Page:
Piritahi Marae is getting ready for its “biggest day yet”, the opening of the wharenui adorned with carvings.
A pre-dawn ceremony will be held on 5 June celebrating the fortieth anniversary of the marae and the opening of the whare whakairo, the first carved meeting house to stand on the island for more than 100 years.
Marae treasurer and project manager for the dressing of the wharenui, Sally Smith, says the excitement on the marae is “palpable” as people work to complete almost 50 carvings and woven tukutuku panels.

“This is the culmination of many years of dreams and hard work by the people who originally established the marae, many of whom are no longer with us.
“Once dressed the wharenui will become a whare whakairo, acting as the embodiment of an ancestor and holding the representations of iwi from across New Zealand,” she says.

The largest carving is nearly seven metres long, with the average carving being two metres tall and all have been carved from totara or matai.

Carvers Chris Bailey (L) and Nico Otero
Carvers Chris Bailey (L) and Nico Otero

In 2000, two tutors from Te Wananga o Aotearoa began the design work for the carvings and tukutuku panels.
Tohunga whakairo Tomi Ropata oversaw the design for the carvings, while tohunga tukutuku Lorna Rikihana-Dixon supervised the completion of the tukutuku panels by local weavers.
After the tutors finished their courses, local carvers forged on, sometimes with funding from Creative New Zealand, Auckland Council Creative Communities, or the Waiheke Local Board, but often offering their time for free.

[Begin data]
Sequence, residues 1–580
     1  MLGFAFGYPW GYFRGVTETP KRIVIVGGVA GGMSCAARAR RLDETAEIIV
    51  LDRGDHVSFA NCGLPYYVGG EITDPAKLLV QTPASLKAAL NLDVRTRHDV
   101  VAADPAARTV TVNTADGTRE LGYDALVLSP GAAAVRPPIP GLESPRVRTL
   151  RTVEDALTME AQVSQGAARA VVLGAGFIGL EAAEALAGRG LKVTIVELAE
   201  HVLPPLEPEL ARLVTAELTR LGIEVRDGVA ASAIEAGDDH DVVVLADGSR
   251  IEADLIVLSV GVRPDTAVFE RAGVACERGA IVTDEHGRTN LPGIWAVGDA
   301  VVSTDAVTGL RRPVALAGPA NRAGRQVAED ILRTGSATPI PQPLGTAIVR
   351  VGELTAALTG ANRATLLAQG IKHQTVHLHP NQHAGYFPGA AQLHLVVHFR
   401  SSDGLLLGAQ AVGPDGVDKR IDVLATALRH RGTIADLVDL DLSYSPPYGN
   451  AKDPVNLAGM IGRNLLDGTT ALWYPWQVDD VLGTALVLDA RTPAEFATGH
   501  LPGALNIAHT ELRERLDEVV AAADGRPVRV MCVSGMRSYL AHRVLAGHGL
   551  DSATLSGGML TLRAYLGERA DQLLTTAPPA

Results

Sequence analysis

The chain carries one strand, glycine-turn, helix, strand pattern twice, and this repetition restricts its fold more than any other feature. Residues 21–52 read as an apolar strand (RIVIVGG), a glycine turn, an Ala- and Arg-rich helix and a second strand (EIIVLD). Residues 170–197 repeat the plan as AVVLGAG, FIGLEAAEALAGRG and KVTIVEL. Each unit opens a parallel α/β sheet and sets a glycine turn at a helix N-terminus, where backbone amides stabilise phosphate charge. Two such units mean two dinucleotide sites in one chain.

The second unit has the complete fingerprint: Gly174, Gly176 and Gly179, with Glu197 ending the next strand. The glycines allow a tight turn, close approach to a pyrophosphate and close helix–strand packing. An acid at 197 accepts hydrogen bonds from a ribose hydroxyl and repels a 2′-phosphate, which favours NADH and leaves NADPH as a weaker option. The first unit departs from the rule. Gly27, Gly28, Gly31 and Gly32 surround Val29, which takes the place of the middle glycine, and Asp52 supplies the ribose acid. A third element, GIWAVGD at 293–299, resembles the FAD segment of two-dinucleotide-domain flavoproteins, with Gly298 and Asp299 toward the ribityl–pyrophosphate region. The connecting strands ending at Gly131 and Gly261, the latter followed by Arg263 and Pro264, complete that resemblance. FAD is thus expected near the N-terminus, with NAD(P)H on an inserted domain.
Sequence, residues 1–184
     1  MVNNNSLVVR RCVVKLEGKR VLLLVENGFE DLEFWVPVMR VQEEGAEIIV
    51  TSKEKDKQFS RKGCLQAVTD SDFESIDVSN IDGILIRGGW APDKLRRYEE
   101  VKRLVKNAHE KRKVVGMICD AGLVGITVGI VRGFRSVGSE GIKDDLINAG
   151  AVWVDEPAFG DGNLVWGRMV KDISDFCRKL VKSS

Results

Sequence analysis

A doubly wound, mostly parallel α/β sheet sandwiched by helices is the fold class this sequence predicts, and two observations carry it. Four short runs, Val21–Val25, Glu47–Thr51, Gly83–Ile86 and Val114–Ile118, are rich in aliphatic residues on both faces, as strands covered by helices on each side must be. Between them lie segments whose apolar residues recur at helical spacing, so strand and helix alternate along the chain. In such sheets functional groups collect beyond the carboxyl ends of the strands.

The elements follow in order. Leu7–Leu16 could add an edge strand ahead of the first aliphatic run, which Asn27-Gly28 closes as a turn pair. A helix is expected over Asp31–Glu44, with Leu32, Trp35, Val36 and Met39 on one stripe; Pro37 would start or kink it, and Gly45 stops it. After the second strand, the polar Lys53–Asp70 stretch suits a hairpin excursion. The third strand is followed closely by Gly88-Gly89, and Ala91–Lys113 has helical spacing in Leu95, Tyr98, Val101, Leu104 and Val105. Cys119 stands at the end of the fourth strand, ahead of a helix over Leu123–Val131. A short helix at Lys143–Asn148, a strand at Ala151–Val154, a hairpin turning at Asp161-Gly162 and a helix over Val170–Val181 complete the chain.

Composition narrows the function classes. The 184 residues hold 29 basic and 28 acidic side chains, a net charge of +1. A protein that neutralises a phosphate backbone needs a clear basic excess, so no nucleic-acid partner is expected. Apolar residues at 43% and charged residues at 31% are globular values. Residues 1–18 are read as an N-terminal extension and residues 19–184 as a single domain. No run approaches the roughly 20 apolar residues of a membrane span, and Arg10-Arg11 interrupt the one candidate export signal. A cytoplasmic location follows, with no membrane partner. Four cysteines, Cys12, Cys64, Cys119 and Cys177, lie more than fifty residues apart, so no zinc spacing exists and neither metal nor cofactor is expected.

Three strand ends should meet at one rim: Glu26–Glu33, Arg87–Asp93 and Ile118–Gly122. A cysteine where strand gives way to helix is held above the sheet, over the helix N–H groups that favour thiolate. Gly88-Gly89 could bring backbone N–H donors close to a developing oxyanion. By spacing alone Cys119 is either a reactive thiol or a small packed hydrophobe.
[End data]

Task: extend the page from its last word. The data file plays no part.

“It has been a real labour of love for those involved. In total there would have been about 20 different carvers involved over the years.”
The last carvings are currently being completed under the guidance of Waiheke sculptor Chris Bailey, who has worked full time on the project over the past year to ensure the deadline for opening will be met.
“It’s pretty amazing to see the last carving finally being completed,” says Ms Smith
Installation of the works will begin in April, with voluntary labour from local builder Kevin Glamuzina and discounted materials provided by Placemakers.
Carvings will be placed both on the inside and outside of the wharenui, which will have a completely decorated ceiling.
Marae committee member Huhana Davis is running an overnight stay once a month for marae whanau to learn different waiata to support the opening.
“We are wanting to tidy up the whole marae, so need help with re-painting existing buildings, lifting the kumara crop at Easter that will be used at the opening, tidying of gardens, setting up equipment, and building work,” says Ms Smith.
The island had no marae from the late 1800s until a group of local Maori gained a lease from Waiheke County Council on the land at Te Huruhi Reserve in 1976.
A wharekai was completed in 1982 and the wharenui opened in 1992.
The ceremony to open and dedicate the whare whakairo will be followed by speeches from dignitaries, a hangi feast, music, kapa haka and waiata performances.
People who want to help prepare for the opening of the whare whakairo can contact Ms Smith on 027 773 2975. • Rose Davis

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